What I Want You To Know When IBS Attacks in Public
“Suck it up and hold it“, he says, as we’re driving down Taiwan’s East Coast highway with nary a bathroom in sight for miles.
That spring of 2012 was a brutal year for me. I was a few years into my Axial Spondyloarthritis diagnosis and one year away from my fibromyalgia diagnosis, but the stomach and rectal pain started in 2001 well before I knew I was sick. I hadn’t told anyone about it although if people were looking for signs, they were there. I have plenty of bathroom mishap stories for the past 20 years. By the time I got my IBS diagnosis in 2013, I’d already been living with it for 11 years.
But when 2012 came along and brought everything to a head that spring, that was the first time I remember being angry at loved ones for showing no compassion or understanding. It’s not an easy thing to ‘suck it up and hold it’ when you’re living with gut health problems.
My parents were visiting us for the first time in Taiwan in 2012. Whenever anyone comes to visit, inevitably road trips become a part of life, but for the IBS patient, ‘road trip’ can be synonymous with hell.
That has never changed for me. What has changed is how I prep for those trips, but every IBS and IBD patient knows that there’s no way to avoid it when the urge strikes. We can prepare all we want and still be left in the most embarrassing of situations.
Still ashamed to this day by my sudden urges to go, I remember that day clearly because it was rough. My husband and my parents were not listening to me when I said that when I have to go, I HAVE TO GO. How do I make them understand that there’s no time to wait? There’s no way to hold it. When it comes, it comes. That’s reality with living with IBS.
I remember my dad saying some harsh things to me during and after that car ride while my husband showed no sympathy whatsoever. To their credit, they didn’t know what I was dealing with, but it’s not like I hadn’t had these things happen before. I chalked it up, once again, to people thinking I’m being a drama queen or a hypochondriac, which is something I’ve had to listen to for decades.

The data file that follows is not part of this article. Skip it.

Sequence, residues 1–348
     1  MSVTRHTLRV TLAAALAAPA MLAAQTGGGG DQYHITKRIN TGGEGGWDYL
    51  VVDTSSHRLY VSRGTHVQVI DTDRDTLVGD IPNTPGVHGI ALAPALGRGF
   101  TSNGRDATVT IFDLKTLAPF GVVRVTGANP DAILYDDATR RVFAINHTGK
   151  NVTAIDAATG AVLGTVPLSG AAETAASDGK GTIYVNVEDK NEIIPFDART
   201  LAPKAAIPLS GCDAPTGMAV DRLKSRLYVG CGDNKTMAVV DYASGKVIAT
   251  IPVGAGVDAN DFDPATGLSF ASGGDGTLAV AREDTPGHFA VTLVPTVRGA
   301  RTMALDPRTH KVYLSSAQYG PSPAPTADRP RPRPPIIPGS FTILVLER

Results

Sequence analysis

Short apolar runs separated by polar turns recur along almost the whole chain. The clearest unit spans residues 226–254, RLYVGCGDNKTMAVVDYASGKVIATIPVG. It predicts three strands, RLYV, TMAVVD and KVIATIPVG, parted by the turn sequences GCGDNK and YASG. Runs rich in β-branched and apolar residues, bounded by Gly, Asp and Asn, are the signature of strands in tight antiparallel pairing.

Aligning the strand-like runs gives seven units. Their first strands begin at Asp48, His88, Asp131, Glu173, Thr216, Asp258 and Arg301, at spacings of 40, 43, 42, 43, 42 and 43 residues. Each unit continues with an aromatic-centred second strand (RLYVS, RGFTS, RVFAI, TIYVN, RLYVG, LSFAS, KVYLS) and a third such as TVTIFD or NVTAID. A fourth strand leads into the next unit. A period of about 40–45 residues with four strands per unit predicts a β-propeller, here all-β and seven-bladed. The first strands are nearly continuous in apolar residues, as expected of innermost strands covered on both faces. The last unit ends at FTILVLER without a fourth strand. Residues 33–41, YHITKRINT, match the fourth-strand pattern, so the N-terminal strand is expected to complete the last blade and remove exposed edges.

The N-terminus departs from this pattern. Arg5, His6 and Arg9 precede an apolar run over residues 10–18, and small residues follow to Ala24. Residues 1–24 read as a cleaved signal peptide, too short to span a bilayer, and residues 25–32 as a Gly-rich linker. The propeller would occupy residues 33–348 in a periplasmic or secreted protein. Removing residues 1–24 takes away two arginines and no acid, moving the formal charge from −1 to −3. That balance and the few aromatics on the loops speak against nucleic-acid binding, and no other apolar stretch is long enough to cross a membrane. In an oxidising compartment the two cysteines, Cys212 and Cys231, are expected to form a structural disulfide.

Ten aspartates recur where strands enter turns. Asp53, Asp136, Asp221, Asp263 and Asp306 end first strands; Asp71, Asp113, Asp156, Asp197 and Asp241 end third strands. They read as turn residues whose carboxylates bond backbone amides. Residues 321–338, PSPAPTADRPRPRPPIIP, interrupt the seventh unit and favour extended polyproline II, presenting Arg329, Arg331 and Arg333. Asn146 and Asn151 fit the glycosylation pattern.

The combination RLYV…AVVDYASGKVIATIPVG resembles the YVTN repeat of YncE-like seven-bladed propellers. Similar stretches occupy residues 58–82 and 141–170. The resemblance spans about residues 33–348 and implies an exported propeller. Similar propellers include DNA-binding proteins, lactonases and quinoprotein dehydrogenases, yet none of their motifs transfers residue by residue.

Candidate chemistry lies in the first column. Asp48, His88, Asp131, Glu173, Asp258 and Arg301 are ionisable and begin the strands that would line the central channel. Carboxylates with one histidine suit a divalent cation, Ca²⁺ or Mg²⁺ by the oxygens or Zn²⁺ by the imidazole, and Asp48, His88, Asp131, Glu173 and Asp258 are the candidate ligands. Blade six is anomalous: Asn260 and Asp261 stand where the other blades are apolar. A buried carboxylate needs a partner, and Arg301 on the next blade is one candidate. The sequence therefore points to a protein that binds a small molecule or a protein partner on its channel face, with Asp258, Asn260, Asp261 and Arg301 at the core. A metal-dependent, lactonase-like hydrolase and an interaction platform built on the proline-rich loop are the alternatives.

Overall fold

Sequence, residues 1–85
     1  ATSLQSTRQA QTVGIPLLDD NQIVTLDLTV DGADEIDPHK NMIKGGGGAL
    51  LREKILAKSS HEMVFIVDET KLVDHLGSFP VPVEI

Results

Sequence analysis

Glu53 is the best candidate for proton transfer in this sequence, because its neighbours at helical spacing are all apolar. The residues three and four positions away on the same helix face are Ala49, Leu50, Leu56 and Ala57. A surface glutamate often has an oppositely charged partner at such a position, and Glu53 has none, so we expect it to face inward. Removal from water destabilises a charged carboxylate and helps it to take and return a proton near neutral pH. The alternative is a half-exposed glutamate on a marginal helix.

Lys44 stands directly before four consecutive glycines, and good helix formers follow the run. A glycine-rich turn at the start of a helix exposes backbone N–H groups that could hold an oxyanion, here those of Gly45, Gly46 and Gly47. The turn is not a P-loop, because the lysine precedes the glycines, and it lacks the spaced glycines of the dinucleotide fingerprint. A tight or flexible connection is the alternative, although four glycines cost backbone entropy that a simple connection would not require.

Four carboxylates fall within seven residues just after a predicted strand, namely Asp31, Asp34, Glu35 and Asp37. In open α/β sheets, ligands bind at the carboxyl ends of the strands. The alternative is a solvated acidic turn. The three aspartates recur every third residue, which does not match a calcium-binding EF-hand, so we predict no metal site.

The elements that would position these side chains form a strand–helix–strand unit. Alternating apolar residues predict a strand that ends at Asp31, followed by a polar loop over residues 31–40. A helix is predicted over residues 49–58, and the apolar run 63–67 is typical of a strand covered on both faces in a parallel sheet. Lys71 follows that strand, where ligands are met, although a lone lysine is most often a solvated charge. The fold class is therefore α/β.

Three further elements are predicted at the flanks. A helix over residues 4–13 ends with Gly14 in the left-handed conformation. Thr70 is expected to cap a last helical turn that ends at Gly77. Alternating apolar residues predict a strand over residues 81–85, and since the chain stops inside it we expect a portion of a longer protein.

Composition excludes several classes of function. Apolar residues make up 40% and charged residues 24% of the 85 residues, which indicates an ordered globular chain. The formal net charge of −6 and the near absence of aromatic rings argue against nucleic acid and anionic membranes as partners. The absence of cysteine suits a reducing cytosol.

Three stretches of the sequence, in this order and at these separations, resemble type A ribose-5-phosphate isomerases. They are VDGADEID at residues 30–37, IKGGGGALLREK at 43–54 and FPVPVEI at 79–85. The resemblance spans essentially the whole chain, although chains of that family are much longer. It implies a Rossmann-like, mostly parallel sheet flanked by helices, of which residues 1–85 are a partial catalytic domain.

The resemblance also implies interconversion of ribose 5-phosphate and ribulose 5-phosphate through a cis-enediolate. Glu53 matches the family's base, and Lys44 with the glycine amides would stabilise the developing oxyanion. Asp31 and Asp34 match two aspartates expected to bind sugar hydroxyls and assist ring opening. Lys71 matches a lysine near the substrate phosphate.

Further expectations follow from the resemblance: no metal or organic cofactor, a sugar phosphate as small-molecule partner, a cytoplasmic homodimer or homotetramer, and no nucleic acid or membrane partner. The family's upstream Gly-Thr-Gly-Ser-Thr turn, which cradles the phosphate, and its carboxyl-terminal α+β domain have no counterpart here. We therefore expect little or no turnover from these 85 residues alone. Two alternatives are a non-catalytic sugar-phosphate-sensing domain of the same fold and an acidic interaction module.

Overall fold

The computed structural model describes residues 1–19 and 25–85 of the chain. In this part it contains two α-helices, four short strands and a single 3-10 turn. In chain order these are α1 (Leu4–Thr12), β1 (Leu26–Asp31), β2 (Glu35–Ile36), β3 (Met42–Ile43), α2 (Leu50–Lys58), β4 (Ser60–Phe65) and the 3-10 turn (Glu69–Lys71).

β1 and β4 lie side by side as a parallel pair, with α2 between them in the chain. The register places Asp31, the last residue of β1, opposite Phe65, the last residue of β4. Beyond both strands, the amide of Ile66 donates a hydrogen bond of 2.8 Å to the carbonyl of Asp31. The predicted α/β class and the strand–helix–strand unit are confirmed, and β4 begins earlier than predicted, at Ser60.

But why can’t we show sympathy and understanding when watching a loved one, or anyone for that matter, clutch their stomach in agony in the back seat of a car while said person is desperately running through every trick in the book to try and stop that tide from rolling in? That’s definitely not the time to joke about said person having a small bladder, by the way. I hear that one a lot too.
It’s estimated that 10-15% of the world population has IBS.Source: https://aboutibs.org/
The Canadian Digestive Health Foundation shows that Canada has one of the highest prevalence of IBS in the world. 18% of Canadians live with digestive health issues and more than 70% of them indicate that their symptoms interfere with everyday life. Visit the website for more information.
So why aren’t more people aware of this? It’s not a small percentage of people who are living with IBS or IBD. It’s not like we haven’t heard these stories before. Growing up, I remember learning about several friends who were living with IBS and/or IBD in high school. My boyfriend in high school lived with Crohn’s. I remember visiting him many times while he recovered from his first bowel resection surgery. (IBS and IBD are not the same thing, by the way. But the similarities are there.)
Yet, to this day, very few people show that they understand it or that they’re aware of it.
By the time we made it to a bathroom that day, I’d already messed my pants. After that incident, which is one of dozens that I’ve had over the years, I swore I’d get to the bottom (pun intended) of what was going on with my gut. It turns out all that time I had IBS and had every classic symptom in the book. I still have no idea why it took so long to get a diagnosis given the extent of my health issues.
I’ve already mentioned I have fibromyalgia. 70% of fibromyalgia patients, for example, have IBS while 65% of IBS patients have fibromyalgia. Thus findings have shown that fibromyalgia and IBS frequently coexist.
I also have AS and guess what? IBS and AS go hand in hand. Lucky me.
Between 5 and 10% of cases of ankylosing spondylitis (AS) are associated with inflammatory bowel disease (IBD), either Crohn’s disease or ulcerative colitis. A much larger percentage of AS patients have subclinical gut inflammation manifested either by endoscopic findings or by histology.Source: https://pubmed.ncbi.nlm.nih.gov/16777576/
In the years leading up to my diagnoses, I’ve gone behind bushes and done my business on road sides. Like every IBS and IBD patient, I’ve got plenty of horror tales of being stuck on public transportation with nowhere to ‘go’. I’ve also gotten caught while shopping and driving.